Any doubt as to the importance of workers in the food and beverage supply chain was put to rest back in 2014. This was a true turning point in China’s relationship with food safety. It was then Shanghai branches of U.S. food supplier OSI Group became household names throughout China and in much of the industry. OSI supplies products for major restaurant chains including McDonalds, KFC, and Pizza Hut. Their rise to stardom, though, was for all the wrong reasons.
In July of that year, an investigative journalist videotaped conditions within the supplier factory, focusing on worker behavior. Employees were found to be improperly handling products, picking food up off the ground and returning it to the line, and re-labelling expired meat. Eventually, investigators found over 4,300 cases of meat with forged dates. All of this sent shockwaves through the retail restaurant industry.
By September, all but one major fast food chain had cut ties with OSI. The damage, however, was already done. Restaurants throughout greater China and Japan stopped the sale of chicken products, severely impacting bottom lines, and consumer trust became fragile at best. OSI began losing millions of dollars a day in revenue. Within a year, senior executives at the company cited total loses close to US$1 billion.
What Happened Next?
As a result of the video, Chinese officials began a deeper investigation into OSI and its partners. Ten local employees received undisclosed prison sentences in 2016. Additionally, officials deported OSI’s general manager in China. Although OSI disputed these rulings, courts felt these were generally lenient given cooperation by parties involved.
How are Things Today?
OSI brought to light the unfortunate state of food safety in China at the time. Since then, though, has anything really changed?
From our perspective, things have improved markedly in the four years since OSI. Local and provincial governments have made great strides in improving not only food safety competence from workers, but also among consumers. In Shanghai alone there have been a number of measures to help restaurants improve their standards.
- First is the new grading system for restaurants. While it is a little subjective – employing the use of smiling, indifferent, and sad faces – the intent is certainly in the right place.
- Next are live video feeds into kitchens. These are usually displayed on large monitors throughout restaurants. While there is the odd person twiddling their thumbs instead of working, we’ve yet to see any egregious acts that would make us get up and leave.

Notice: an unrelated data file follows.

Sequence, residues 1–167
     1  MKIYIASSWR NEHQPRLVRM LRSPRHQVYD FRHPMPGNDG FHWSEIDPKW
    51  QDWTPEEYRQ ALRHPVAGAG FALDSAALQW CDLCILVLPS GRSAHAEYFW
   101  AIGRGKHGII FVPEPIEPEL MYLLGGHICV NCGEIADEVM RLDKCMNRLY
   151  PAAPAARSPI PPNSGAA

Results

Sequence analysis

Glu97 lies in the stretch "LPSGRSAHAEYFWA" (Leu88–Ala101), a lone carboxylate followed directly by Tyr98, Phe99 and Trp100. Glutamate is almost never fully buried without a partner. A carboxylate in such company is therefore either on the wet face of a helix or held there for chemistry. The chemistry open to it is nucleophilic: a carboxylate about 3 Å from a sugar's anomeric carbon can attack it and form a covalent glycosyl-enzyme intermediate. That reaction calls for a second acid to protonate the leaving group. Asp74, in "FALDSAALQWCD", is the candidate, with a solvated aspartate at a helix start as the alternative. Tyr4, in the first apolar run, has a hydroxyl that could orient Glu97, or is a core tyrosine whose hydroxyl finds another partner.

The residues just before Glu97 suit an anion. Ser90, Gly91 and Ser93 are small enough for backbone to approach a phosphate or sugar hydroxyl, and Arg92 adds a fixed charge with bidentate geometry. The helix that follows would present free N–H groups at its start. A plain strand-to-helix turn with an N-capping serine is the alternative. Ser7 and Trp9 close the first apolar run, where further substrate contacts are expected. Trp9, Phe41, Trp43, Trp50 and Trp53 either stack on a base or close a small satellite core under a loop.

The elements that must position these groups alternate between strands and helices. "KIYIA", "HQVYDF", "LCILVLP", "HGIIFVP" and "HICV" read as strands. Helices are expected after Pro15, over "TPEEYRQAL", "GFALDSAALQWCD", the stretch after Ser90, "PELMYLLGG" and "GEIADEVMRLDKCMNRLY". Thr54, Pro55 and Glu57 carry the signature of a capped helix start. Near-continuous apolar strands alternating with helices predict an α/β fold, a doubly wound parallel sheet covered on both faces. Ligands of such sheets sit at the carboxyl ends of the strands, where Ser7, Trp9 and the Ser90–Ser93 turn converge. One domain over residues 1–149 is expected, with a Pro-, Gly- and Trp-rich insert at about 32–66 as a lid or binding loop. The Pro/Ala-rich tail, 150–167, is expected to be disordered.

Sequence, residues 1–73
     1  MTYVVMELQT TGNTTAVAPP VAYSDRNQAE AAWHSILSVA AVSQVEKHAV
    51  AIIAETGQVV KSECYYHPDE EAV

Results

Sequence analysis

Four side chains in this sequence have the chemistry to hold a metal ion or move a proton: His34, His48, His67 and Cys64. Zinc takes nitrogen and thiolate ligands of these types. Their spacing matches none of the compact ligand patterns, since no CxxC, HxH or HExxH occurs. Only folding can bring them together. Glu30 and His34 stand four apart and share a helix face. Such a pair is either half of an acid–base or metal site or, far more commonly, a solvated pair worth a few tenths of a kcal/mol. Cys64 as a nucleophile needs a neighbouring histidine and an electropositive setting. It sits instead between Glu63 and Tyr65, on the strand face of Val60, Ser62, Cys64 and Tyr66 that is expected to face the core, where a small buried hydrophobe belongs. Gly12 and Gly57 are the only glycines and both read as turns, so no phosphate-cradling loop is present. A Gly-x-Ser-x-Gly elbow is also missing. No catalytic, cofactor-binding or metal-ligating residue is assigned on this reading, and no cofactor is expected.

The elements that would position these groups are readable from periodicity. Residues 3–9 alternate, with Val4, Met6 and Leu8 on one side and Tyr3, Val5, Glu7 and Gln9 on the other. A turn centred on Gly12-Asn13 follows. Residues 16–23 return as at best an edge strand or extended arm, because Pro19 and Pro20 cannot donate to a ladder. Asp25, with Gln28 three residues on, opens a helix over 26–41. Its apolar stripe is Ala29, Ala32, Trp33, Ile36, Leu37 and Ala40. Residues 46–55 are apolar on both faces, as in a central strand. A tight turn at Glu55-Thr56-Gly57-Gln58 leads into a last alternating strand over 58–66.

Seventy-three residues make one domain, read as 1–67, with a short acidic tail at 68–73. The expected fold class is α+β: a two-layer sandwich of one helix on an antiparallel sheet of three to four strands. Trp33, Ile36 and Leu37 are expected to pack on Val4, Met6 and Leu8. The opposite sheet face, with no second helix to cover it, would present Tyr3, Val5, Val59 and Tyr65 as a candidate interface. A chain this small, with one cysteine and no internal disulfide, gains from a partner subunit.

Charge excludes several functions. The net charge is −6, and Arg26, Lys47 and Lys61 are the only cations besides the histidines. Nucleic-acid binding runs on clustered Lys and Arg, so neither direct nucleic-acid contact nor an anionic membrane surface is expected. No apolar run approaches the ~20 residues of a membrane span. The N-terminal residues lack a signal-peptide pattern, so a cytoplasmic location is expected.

- Lastly are notable campaigns by the government to show just how serious they are on safety. A 2017 revision of food safety regulations introduced higher entry points for new businesses, as well as streamlined supervision and whistle-blower mechanisms.
In 2016 alone, Shanghai revoked 14,000 restaurant licenses and doled out US$28 million in fines.
What Can We Learn?
Whether you’re a major conglomerate or individual operator, having a food retail business in China means working with Chinese suppliers. That translates to the potential for an OSI scandal hitting a little too close to home. What can your business do today to shield itself from this worst-case scenario?
- Know your suppliers. Don’t assume everything is alright just because you haven’t heard anything wrong. Be proactive and make the supplier relationship one of partnership over dictation. That includes taking the necessary steps to upskill workers when needed.
- Bigger isn’t better. Prior to its fall, OSI invested close to US$400 million in expanding its China operations. They had all the latest protocols and systems in place, but forgot about the workers themselves. When scaling, make sure you do so in a sustainable way.
- Check your arrogance at the door. The latest casualty of China’s food safety vigilance was Shanghai bakery Farine. A disgruntled employee videotaped the use of expired flour. The general consensus among the F&B community was that owners felt they would never be caught. China is no longer a lawless wild west. Now, regulations are more than just words on paper.
Having the right approach to food safety starts and ends with your workers. When they are trained well, have the right encouragement, and open lines of communication to management then you have a recipe for success. As we have seen in the OSI case, however, this trifecta is rarely given the importance it deserves.